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Published: Tuesday, 3/23/2010

WWII flier took photos of A-bombs' aftermath

BY JIM SIELICKI
BLADE STAFF WRITER

World War II reconnaissance navigator Robert S. Gilbert, who guided a B-29 Superfortress over Japan and photographed the destruction of Hiroshima and Nagasaki within an hour of each atomic bomb attack, died of pneumonia Saturday in St. Luke's Hospital.

Mr. Gilbert, 87, took the photos from the bomber named Double Exposure to document the destruction from the world's first use of the atom bomb Aug. 6, 1945, his stepson, Robert Gwin, said Monday. The second bombing occurred three days later.

Double Exposure flew over the destroyed cities about 45 minutes after the Enola Gay and Bockscar, the second bomber, dropped their bombs, Mr. Gwin said.

The plane did not enter the radioactive plume, he said, but the aftermath shook the aircraft.

"He thought he was flying through a thunderhead," Mr. Gwin said, recalling his stepfather's description. "He said the history books probably used some of the photographs he was responsible for taking. He was that close to history."

Mr. Gilbert was born Oct. 23, 1922, in Toledo, and he graduated from DeVilbiss High School.

After the war, he spent 46 years with Bostwick-Braun Co., a Toledo hardware supplier, as a salesman.

His daughter, Nancy Brandon, said her father was a fitness buff who celebrated his 83rd birthday by swimming 83 laps at the South Toledo YMCA. While working out at the West Toledo Y in his younger years, he set a record doing sit-ups, she said.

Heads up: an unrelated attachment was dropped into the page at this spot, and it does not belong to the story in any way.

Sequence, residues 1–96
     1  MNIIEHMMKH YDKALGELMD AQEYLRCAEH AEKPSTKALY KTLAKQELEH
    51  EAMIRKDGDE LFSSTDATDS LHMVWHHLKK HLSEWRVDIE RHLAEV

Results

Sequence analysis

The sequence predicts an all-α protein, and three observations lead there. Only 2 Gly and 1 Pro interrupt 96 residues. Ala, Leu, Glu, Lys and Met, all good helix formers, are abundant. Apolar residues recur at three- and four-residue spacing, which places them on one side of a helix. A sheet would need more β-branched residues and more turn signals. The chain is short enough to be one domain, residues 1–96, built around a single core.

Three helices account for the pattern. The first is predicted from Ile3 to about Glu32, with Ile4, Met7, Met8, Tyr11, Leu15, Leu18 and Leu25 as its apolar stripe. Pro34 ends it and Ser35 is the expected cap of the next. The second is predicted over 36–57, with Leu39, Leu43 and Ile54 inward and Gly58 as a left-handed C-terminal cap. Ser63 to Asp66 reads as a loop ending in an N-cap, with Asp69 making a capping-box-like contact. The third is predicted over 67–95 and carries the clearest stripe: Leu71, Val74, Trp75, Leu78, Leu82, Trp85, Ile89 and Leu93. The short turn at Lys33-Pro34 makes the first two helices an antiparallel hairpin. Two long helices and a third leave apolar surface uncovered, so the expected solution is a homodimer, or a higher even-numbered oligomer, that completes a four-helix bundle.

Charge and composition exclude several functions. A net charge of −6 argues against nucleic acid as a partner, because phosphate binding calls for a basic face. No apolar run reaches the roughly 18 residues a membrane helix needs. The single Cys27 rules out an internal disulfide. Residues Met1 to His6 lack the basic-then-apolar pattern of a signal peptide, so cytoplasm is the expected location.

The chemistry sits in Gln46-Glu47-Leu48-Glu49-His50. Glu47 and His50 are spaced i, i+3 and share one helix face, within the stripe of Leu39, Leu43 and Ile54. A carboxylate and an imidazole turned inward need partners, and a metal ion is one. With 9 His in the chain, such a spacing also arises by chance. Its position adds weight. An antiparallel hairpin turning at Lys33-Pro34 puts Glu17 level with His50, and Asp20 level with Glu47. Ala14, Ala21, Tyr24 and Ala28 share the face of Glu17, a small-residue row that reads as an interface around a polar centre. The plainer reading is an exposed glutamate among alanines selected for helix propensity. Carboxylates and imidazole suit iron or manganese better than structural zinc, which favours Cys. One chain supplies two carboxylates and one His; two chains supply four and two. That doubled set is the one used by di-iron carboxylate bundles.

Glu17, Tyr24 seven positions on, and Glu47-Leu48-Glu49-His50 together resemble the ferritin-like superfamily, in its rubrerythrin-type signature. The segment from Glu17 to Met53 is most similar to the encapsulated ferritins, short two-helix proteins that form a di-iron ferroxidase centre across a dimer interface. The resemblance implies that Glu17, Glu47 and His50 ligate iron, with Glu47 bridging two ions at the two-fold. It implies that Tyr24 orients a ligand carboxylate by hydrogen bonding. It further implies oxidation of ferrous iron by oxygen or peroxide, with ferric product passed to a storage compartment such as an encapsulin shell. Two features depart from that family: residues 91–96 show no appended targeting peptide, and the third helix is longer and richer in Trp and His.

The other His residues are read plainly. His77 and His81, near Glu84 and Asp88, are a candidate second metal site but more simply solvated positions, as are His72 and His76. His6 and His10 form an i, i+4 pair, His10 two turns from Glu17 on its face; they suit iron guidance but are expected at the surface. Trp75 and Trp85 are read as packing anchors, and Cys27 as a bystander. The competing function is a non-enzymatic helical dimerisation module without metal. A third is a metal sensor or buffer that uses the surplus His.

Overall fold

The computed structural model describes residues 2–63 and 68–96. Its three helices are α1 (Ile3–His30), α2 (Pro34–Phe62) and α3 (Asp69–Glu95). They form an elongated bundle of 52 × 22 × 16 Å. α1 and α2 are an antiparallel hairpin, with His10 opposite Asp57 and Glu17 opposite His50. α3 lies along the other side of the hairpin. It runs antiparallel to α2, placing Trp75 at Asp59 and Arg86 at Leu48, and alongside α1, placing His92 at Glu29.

"His motto was, 'I never have a cold,'•" Mrs. Brandon said. "He was very much a mind-over-matter person."

He loved fast cars, and over his lifetime he owned 39 vehicles. He suffered only one major crash, that as a passenger in a car going 100 miles an hour in Monroe County. The accident left him in a coma for six weeks, his stepson said.

Even in his 80s, Mr. Gilbert "would go looking for kids to race" in the black Grand Prix he bought after he traded in his heavier Buick Roadmaster, Mr. Gwin said. "It looked like something a kid should have," Mr. Gwin said.

Mr. Gwin said he finally pulled the keys from his stepfather just eight weeks ago after Mr. Gilbert ran a stop sign on Parkside Boulevard because he was late for an appointment. Mr. Gwin was a passenger.

Mr. Gilbert was a 32nd degree Mason and a Zenobia Shriner. His skills as a salesman were used to raise money for the Shriners, particularly when the organization sponsored the circus.

"He was a champion fund-raiser for them," and he was always one of the top producers, his stepson said. "Once he believed in a cause he was totally dedicated to it, like he was to my mother."

Mr. Gilbert's parents suffered through the Great Depression, which left a psychological mark on him. "He was tighter than two coats of paint," his stepson said.

Mr. Gilbert married Virginia Gwin, his second wife, in October, 1978, after her husband died.

"He was my dad. He helped my mother through some rough times. He really took care of her," he said.

Mr. Gilbert is survived by his daughter, Nancy Brandon, sons John Gilbert, Donald Gilbert, and Robert Gilbert, Jr., stepson, Robert Gwin, brother, Gordon Gilbert, 20 grandchildren, and two great-grandchildren.

Visitation will be from 2 to 8 p.m. today at the Walter Funeral Home, with a Masonic service at 7:30 p.m. The funeral is at 10:30 a.m. tomorrow at the funeral home.

Memorials are suggested to Hospice of Northwest Ohio or Shriners Children's Hospital.

Contact Jim Sielicki at:

jsielicki@theblade.com

or 419-724-6050.



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